Seventeen years ago, I was one of over a million people marching in the UK, each of us representing many more who were unable to attend. Never had there been such worldwide opposition to the actions of a few governments. Every major city, and many minor cities and towns, joined in solidarity that day.
It was the 15th of February 2003 and we were marching against the Iraq War.
The rest is history, but not the history we hoped to carve. Hundreds of thousands of lives were lost based on lies, misinformation and the whims of what was, up to that point, the most right wing administration in US history. But it was Labour’s position as America’s cheerleader that mystified me then and now. I remember being incredulous as to how any government, let alone a Labour government, could ignore the will of the people so obstinately.
I was a university student and the ensuing years have only fostered increasing cynicism and pessimism as to the seeming futility of mass action. Back then I was also part of an eco-camp set-up to protest the G8 in Edinburgh. I marched for worker’s rights, the environment and for LGBT rights. I was active in Ireland during the Repeal the 8th movement and for Gay Marriage. I have joined in solidarity with Greta Thunberg’s Climate Strike actions and have felt sympathy for the aims of XR, though I feel they have lost the PR battle. Anyone remember Occupy? I am friends with hippies from the 60s and 70s who have been protesting pollution, habitat destruction and climate change for decades.
Where has all this protest got us? Not very far, not very fast.
So. What does all this have to do with the current gender ideology debate? The common factor is that most of the issues for which I used to fight so hard at university are still issues today. It is not in the interests of large corporations to tackle the climate crisis or tax avoidance. Progress has been achingly slow and inadequate in resolving these and many other injustices.
Meanwhile, gender ideology has seen a lightning-fast spread throughout the West. Why? Because it costs corporations, governments and organisations nothing to echo empty rhetoric like #TransRightsAreHumanRights and #TransWomenAreWomen. They can benefit from the seeming support they show for marginalised groups without having to enact any meaningful change. But of course, as we all know, the toxic debate that has arisen and has been bolstered by this rhetoric has had real-world ramifications for women and feminists who have lost jobs, positions, been de-platformed and harassed and abused by extremist activists. Self-ID and gender-neutral policies have seen women losing single-sex spaces, sports, awards and positions and the situation is only worsening.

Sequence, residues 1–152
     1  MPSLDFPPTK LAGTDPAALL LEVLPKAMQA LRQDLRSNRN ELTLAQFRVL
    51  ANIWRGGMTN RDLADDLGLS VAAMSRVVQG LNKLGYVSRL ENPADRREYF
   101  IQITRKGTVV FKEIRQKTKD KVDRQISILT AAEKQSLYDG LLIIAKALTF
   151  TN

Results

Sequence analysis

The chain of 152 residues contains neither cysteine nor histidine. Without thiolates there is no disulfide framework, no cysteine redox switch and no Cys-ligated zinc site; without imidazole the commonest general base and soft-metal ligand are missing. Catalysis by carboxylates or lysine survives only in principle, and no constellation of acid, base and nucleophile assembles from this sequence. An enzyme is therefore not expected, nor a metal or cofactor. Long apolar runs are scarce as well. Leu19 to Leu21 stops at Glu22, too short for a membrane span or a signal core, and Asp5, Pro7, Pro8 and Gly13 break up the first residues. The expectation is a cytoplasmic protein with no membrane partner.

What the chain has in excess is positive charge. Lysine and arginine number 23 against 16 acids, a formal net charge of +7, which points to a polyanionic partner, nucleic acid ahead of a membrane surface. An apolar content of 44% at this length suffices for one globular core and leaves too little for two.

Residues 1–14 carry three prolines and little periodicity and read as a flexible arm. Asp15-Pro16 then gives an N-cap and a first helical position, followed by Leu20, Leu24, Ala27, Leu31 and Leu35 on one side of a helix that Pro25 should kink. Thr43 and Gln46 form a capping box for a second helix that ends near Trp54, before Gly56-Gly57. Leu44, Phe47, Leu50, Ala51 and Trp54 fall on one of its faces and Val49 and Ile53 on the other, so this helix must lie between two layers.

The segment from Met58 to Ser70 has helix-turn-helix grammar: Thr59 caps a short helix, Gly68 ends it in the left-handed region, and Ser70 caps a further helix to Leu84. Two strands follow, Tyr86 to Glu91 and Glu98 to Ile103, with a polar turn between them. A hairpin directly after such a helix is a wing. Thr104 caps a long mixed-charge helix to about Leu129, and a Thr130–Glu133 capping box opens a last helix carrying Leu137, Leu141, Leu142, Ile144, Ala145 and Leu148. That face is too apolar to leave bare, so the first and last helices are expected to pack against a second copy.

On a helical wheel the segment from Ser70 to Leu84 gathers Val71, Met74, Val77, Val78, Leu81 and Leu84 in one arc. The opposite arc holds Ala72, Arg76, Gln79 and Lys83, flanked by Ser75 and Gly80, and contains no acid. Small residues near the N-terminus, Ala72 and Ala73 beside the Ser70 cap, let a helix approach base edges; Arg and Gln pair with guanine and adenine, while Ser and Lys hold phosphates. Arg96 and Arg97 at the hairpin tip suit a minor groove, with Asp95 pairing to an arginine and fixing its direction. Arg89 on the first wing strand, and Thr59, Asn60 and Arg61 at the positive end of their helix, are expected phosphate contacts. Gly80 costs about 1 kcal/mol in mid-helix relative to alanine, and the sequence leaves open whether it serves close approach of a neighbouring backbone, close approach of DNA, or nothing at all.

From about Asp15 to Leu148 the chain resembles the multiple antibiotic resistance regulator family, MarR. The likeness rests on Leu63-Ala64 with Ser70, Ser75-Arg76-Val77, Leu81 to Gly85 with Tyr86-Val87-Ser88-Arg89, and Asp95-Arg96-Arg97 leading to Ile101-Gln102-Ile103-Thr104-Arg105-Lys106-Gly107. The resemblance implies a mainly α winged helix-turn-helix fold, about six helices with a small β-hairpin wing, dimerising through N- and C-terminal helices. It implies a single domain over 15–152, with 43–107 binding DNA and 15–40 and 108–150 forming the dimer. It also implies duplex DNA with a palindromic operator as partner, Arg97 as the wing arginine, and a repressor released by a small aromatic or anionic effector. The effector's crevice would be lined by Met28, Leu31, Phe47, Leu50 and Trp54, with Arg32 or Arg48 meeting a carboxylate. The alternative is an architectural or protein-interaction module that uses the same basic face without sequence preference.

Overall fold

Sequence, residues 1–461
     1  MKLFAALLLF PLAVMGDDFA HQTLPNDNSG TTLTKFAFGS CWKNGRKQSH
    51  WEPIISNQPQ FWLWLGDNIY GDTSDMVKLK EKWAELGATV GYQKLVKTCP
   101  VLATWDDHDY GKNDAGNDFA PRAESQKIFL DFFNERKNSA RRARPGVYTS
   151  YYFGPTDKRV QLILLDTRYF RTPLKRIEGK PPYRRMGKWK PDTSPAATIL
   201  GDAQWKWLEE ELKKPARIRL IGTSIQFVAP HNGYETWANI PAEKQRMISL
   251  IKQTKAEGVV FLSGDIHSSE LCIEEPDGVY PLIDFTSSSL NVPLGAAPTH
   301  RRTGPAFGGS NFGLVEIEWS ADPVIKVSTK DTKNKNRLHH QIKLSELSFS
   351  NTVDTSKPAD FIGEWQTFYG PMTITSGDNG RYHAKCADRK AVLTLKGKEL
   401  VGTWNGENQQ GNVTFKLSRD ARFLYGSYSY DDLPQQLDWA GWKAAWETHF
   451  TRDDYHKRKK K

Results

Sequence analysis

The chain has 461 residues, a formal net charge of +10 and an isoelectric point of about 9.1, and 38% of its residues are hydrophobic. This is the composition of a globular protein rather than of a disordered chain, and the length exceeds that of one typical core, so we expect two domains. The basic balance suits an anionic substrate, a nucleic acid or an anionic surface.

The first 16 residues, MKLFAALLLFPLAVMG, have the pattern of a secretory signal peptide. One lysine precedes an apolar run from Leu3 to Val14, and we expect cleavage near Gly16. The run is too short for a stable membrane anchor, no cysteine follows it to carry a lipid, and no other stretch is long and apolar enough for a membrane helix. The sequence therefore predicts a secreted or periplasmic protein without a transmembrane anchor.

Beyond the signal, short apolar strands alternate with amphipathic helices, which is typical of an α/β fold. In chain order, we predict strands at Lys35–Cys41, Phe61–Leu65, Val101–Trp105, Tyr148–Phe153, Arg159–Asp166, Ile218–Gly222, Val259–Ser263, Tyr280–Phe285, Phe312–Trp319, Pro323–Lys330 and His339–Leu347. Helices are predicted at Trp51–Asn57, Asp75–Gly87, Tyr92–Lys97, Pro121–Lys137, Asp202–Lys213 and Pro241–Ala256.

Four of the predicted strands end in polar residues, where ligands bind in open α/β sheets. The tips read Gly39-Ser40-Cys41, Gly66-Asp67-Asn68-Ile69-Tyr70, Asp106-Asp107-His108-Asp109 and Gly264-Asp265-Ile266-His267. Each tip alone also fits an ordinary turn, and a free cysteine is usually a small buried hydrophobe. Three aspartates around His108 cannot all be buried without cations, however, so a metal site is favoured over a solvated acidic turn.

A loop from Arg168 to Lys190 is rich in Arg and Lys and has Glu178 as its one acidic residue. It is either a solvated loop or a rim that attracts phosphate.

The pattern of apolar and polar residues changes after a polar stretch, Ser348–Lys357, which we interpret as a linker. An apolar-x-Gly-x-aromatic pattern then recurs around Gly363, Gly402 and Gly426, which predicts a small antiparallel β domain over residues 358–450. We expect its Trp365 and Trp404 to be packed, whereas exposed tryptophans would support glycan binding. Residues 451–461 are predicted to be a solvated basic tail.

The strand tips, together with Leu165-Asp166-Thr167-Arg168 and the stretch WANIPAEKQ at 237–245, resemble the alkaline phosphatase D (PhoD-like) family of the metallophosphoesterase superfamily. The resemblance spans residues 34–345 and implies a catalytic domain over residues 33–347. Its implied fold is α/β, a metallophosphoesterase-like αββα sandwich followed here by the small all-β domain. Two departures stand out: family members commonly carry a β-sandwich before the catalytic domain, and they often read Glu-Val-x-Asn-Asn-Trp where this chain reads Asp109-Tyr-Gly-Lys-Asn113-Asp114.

It must feel nice for today’s young activists to see so much change enacted, so many corporations adopting their rhetoric unquestioningly, but can they not see why this in itself should be cause for circumspection?
They are busy echoing empty rhetoric and spreading misinformation about suicide and murder statistics and for what? Is it rhetoric that will save the transwomen being murdered in Brazil or is it the socio-economic changes that activists have been fighting for all along? Is it feminists who are “literally killing” trans people or is it men, most of whom are polluted by toxic masculinity, that feminists have been fighting for decades? When trans people suffer from gender dysphoria is it because of bigotry or is it because they feel at odds with their sex? As JK Rowling has written: “If sex isn’t real, there’s no same-sex attraction. If sex isn’t real, the lived reality of women globally is erased. I know and love trans people, but erasing the concept of sex removes the ability of many to meaningfully discuss their lives.”
I am feeling moved again to protest and take to the streets despite a lack of backing from corporations and organisations. I know no other kind of protest. I will march for the marginalised women and the brave feminists who have endured so much just for speaking the truth. I will fight for the Left because without a materialist critique of capitalism and its regulation no-one except the 1% benefits. And I will march for the trans people, both allies and those who do not yet realise it, that the current situation is only going to negatively affect them. But most of all I will fight for the children and adults who have been injured by this ideology, their futures altered because of the recklessness of those they trusted and whose words seemed to echo their distress but whose solutions were baseless.
Let’s fight for them all. If not us, who? If not now, when?
Elizabeth Berns is the sister of the late Magdalen Berns and has nothing to do with this piece. DOH!
It was actually written by Lizzie Mackenzie, who I hope will write for me again.